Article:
Mrs Lamb farms with her husband Greg in the Wendon Valley, near Gore, where their children Stevie (6) and Mac (5) are sixth-generation on the land.

She recently completed the Agri-Women’s Development Trust’s Understanding Your Farming Business programme, which aimed to equip and support women with the knowledge, skills and confidence to lift the performance and profitability of their farming business. . . 

Roadshows define agtech strategy – Colin Williscroft:

Farmers are being encouraged to have their say on the types of technology that will be of most benefit to the primary sector.

The Agritech Strategy Roadshow is travelling around the country seeking feedback to help identify key priority areas for Government action to support the sector.

Agritech New Zealand is partnering with several government agencies to develop a range of industry-led initiatives and actions to help the agricultural technology sector, lift export earnings and provide more innovation.  . .

Vegan food’s sustainability needs to give the full picture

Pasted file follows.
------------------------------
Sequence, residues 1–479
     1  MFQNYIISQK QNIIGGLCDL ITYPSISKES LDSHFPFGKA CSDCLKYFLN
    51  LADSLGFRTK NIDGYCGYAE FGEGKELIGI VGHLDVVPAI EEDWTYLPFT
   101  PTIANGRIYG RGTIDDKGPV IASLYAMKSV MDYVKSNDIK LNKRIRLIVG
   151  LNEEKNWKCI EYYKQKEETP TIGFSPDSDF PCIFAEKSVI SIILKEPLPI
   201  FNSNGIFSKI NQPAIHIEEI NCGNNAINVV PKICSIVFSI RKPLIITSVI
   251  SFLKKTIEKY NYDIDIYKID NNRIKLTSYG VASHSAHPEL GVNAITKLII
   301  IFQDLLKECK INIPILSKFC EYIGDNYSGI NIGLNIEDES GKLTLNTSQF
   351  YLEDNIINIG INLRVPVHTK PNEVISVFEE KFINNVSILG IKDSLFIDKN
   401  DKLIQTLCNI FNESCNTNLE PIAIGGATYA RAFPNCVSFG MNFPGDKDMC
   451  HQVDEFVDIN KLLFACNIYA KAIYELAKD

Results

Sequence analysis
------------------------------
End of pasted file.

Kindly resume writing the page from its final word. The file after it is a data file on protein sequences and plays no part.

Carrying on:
The IPCC special report, Climate Change and Land, released last night, has found a third of the world’s greenhouse gas emissions come from the “land”: largely farming, food production, land clearing and deforestation.

Sustainable farming is a major focus of the report, as plants and soil can potentially hold huge amounts of carbon. But it’s incredibly difficult as a consumer to work out the overall footprint of individual products, because they don’t take these considerations into account.

Two vegan brands have published reports on the environmental footprint of their burgers. Impossible Foods claims its burger requires 87% less water and 96% less land, and produces 89% fewer greenhouse-gas emissions than a beef version. Additionally, it would contribute 92% less aquatic pollutants.

Similarly, Beyond Meat claims its burger requires 99% less water, 93% less land, 90% fewer greenhouse emissions and 46% less energy than a beef burger.

But these results have focused on areas where vegan products perform well, and do not account for soil carbon or potential deforestation. This might change the picture. . .

Red meat and the environment: the facts:

Red meat is not only important for a balanced diet – it has an important role in balanced, natural farming, too.

There is a lot of talk at the moment about sustainable food and the impact eating red meat has on the environment.